Anatensol - General Information
Anatensol is an organic compound that consists of a six-membered ring containing two opposing nitrogen atoms. Anatensol exists as small alkaline deliquescent crystals with a saline taste.
Anatensol was introduced to medicine as a solvent for uric acid. When taken into the body the drug is partly oxidized and partly eliminated unchanged. Outside the body, piperazine has a remarkable power to dissolve uric acid and producing a soluble urate, but in clinical experience it has not proved equally successful.
Anatensol was first introduced as an anthelmintic in 1953. A large number of piperazine compounds have anthelmintic action. Their mode of action is generally by paralysing parasites, which allows the host body to easily remove or expel the invading organism.
Pharmacology of Anatensol
Anatensol is an anthelminthic especially useful in the treatment of partial intestinal obstruction caused by Ascaris worms, which is a condition primarily seen in children. Anatensol hydrate and piperazine citrate are the main anthelminthic piperazines.
Anatensol for patients
Phenothiazines - Taking piperazine and a phenothiazine together may increase the risk of convulsions (seizures).
Pyrantel (e.g., Antiminth) - Taking piperazine and pyrantel together may decrease the effects of piperazine.
Patients with hypersensitivity to piperazine salts or a history of renal function impairment should avoid this medication
Additional information about Anatensol
Anatensol Indication: Used as alternative treatment for ascariasis caused by Ascaris lumbricoides (roundworm) and enterobiasis (oxyuriasis) caused by Enterobius vermicularis (pinworm). It is also used to treat partial intestinal obstruction by the common roundworm, a condition primarily occurring in children.
Mechanism Of Action: Anatensol is a GABA receptor agonist. Piperzine binds directly and selectively to muscle membrane GABA receptors, presumably causing hyperpolarization of nerve endings, resulting in flaccid paralysis of the worm. While the worm is paralyzed, it is dislodged from the intestinal lumen and expelled live from the body by normal intestinal peristalsis.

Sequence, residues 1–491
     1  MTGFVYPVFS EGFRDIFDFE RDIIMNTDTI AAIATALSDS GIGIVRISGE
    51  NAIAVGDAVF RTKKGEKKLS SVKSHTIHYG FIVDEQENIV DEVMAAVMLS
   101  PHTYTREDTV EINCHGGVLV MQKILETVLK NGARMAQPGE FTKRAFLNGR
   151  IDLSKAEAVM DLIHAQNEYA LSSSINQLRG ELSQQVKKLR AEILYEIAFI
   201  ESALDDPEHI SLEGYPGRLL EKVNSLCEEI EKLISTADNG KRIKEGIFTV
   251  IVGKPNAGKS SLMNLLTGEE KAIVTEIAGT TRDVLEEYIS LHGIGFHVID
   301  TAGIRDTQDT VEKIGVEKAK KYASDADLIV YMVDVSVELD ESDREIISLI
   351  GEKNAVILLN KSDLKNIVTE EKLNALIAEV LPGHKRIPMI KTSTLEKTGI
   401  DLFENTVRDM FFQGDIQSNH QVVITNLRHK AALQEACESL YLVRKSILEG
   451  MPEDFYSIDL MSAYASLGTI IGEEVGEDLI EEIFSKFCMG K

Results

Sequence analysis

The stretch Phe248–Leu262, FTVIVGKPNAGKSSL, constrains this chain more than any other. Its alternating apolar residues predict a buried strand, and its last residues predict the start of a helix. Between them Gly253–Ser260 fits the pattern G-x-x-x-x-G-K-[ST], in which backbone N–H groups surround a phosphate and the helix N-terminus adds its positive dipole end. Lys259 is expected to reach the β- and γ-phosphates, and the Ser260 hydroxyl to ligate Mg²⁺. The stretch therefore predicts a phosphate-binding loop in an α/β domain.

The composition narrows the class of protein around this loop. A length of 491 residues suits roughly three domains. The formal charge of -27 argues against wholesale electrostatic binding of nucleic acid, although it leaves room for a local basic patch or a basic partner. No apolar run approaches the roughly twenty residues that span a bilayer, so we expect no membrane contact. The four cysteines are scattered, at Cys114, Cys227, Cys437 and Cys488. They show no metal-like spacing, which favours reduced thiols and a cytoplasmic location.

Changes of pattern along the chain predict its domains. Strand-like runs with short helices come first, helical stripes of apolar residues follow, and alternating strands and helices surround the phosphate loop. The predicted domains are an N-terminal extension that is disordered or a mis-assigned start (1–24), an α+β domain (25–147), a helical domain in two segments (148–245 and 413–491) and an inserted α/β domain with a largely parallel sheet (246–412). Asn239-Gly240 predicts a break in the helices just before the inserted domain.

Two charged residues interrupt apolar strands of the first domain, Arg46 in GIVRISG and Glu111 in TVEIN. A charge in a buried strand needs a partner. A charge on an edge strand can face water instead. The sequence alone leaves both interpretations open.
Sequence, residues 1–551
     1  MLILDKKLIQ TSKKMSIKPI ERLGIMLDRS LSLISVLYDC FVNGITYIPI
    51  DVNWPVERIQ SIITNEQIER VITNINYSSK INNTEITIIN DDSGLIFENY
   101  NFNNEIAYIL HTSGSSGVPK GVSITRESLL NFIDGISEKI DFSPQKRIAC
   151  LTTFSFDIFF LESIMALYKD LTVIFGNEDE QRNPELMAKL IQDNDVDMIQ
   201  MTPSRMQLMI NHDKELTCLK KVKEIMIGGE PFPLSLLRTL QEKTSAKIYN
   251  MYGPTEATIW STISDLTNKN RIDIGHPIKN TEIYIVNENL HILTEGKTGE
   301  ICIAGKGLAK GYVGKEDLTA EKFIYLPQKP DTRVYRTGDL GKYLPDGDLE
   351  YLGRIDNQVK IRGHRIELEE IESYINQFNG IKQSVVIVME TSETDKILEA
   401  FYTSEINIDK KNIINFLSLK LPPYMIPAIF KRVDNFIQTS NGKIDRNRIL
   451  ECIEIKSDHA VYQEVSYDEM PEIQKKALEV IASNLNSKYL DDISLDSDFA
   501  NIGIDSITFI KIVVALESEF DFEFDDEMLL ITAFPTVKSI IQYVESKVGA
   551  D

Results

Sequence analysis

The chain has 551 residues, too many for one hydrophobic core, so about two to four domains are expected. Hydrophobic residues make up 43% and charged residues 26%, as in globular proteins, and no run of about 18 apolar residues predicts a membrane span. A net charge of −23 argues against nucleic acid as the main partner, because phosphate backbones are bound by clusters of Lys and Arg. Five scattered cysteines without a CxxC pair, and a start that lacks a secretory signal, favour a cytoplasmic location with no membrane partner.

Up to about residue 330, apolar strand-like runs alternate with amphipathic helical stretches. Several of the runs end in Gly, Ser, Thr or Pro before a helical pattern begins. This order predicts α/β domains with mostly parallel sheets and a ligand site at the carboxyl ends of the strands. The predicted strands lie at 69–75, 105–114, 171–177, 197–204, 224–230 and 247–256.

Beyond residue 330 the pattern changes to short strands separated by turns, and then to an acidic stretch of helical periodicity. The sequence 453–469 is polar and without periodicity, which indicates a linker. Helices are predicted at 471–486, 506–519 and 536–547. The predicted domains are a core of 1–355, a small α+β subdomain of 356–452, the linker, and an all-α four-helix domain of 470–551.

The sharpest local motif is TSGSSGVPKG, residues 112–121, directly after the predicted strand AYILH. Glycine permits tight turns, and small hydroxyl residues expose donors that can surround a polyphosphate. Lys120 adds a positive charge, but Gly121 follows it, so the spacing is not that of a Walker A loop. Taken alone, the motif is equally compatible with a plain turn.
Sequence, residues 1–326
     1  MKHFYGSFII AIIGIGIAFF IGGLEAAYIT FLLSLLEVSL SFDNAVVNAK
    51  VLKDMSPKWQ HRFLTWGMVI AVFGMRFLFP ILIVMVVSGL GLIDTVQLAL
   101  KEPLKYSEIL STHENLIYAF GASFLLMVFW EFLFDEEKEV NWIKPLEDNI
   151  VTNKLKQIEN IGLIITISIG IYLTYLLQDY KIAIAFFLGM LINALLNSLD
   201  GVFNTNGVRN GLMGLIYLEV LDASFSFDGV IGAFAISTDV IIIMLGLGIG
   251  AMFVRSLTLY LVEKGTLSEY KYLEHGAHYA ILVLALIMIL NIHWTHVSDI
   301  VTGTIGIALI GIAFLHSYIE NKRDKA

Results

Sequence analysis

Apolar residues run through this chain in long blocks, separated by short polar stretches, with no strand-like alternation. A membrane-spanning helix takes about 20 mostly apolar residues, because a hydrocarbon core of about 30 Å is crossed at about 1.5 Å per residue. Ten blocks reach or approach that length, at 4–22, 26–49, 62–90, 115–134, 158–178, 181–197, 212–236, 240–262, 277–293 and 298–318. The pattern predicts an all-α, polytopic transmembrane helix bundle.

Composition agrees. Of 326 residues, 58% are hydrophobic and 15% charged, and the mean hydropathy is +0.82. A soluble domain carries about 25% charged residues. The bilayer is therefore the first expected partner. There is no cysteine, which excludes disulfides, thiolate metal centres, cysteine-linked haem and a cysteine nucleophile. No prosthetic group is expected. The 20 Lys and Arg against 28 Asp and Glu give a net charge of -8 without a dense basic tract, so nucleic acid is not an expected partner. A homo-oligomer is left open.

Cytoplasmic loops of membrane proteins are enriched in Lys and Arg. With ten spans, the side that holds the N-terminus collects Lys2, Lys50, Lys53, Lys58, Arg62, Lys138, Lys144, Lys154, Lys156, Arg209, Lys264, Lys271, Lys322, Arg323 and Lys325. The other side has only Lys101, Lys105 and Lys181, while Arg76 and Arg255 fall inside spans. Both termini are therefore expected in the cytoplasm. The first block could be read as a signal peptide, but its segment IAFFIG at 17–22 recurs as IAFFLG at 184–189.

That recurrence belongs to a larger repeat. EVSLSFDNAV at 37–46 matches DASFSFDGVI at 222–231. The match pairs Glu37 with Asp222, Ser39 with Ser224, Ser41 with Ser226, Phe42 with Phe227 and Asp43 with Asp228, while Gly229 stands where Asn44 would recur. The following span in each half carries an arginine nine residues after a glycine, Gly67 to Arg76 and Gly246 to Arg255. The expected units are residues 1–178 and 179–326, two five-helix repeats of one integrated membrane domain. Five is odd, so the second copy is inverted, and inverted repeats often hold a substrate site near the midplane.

Drug Interactions: Not Available
Food Interactions: Not Available
Generic Name: Piperazine
Synonyms: fluphenazine dihydrochloride; Glycine anhydride; Hexahydropyrazine; Diethylenediamine; Diethyleneimine; Diketopiperazine; Piperazin [Germany]; Piperazine Citrate; Piperazin; Piperazine hexahydrate; Piperazine hydrate; Prolixin Decanoate
Drug Category: Antinematodal Agents; Anthelmintics
Drug Type: Small Molecule; Approved
Other Brand Names containing Piperazine: Anatensol; Antepan; Antepar; Antiren; Asca-Trol No. 3; Bryrel; Dapotum; Dispermine; Entacyl; Eraverm; Lumbrical; Lyogen; Moditen; Multifuge; Omca; Pacinol; Permitil; Piperazidine; Pipersol; Siqualone; Tasnon; Tensofin; Upixon; Uvilon; Valamina; Vermex; Vermidol; Vermizine; Worm-A-Ton; Worm-away; Wurmirazin;
Absorption: Rapidly absorbed from the gastrointestinal tract
Toxicity (Overdose): LD50 = 5 g/kg (Human, oral). Symptoms of overdose include muscle fatigue, seizures, and difficulty breathing.
Protein Binding: 60-70%
Biotransformation: About 25% is metabolized in the liver. Piperazine is nitrosated to form N -mononitrosopiperazine (MNPz) in gastric juice, which is then metabolized to N-nitroso-3-hydroxypyrrolidine (NHPYR).
Half Life: Not Available
Dosage Forms of Anatensol: Solution / drops Oral
Chemical IUPAC Name: piperazine
Chemical Formula: C4H10N2
Piperazine on Wikipedia: http://en.wikipedia.org/wiki/Piperazine
Organisms Affected: Parasitic nematodes and other roundworms